Saturday 24.08.19 Session 7 Dilys John session on Wet conservation and impact on archaelogical study of waka
Wet Conservation and its Impact on the Archaeological Study of Waka
Less than a hundred years ago, the beaches of the world were littered with rotting runabouts, skiffs, punts and canoes, as fibreglass and aluminium replaced wood.
Then New Zealand was little different from British Columbia or Canton, except that another hundred years before that, another generation of boats was abandoned and often deliberately buried, part of a cycle itself hundreds of years old.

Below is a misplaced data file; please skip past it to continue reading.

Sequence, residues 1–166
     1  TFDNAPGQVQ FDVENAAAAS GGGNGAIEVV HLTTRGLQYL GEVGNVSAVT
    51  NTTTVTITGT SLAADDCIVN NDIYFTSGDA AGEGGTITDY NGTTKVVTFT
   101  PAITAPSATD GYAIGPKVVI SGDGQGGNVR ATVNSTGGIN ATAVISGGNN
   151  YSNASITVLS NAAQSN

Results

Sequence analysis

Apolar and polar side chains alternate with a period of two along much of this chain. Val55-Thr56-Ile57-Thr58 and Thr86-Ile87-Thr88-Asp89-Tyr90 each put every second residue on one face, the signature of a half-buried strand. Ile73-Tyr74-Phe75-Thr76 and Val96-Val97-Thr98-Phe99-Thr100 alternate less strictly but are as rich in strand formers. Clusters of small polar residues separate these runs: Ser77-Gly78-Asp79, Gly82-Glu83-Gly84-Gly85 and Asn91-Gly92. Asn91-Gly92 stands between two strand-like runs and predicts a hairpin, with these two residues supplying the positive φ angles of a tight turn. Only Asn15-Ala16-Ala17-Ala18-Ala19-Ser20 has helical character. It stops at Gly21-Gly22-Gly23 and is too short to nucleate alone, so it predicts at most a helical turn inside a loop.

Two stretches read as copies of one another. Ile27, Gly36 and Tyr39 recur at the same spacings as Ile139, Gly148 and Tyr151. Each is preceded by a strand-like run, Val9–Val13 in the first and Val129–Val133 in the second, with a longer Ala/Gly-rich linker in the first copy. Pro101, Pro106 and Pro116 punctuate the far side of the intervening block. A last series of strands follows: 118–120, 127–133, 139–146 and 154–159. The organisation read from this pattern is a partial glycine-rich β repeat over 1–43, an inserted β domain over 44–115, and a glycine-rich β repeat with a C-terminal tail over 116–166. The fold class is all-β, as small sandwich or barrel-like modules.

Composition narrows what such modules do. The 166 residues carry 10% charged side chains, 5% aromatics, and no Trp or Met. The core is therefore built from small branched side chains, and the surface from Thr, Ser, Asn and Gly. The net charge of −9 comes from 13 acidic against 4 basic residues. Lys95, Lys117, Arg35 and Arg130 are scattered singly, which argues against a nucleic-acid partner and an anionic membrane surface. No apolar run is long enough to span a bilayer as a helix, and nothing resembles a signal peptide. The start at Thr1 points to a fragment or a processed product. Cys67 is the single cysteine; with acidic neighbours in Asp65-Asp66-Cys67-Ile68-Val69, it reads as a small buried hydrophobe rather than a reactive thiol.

The Maori waka, in its range of purposes, sizes and hull forms, was put away as culture changed, as population moved or declined. Much of what we know now of the waka is learned from examinations of excavated examples.
Much of the technical detail of that body of research is derived from one laboratory: the internationally famed New Zealand National Conservation Laboratory for Wet Organic Archaeological Materials. Laboratory Director and Auckland University Research Fellow Dilys Johns explained the process of conservation of such large wooden objects in her presentation for the Voyaging Wananga.